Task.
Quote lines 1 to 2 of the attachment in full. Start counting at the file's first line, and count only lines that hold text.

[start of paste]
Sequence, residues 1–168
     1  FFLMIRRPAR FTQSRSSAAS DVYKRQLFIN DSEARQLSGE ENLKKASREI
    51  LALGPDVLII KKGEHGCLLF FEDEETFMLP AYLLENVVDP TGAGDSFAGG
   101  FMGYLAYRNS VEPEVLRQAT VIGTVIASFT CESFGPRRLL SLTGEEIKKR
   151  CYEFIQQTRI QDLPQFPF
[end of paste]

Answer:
Sequence, residues 1–168
     1  FFLMIRRPAR FTQSRSSAAS DVYKRQLFIN DSEARQLSGE ENLKKASREI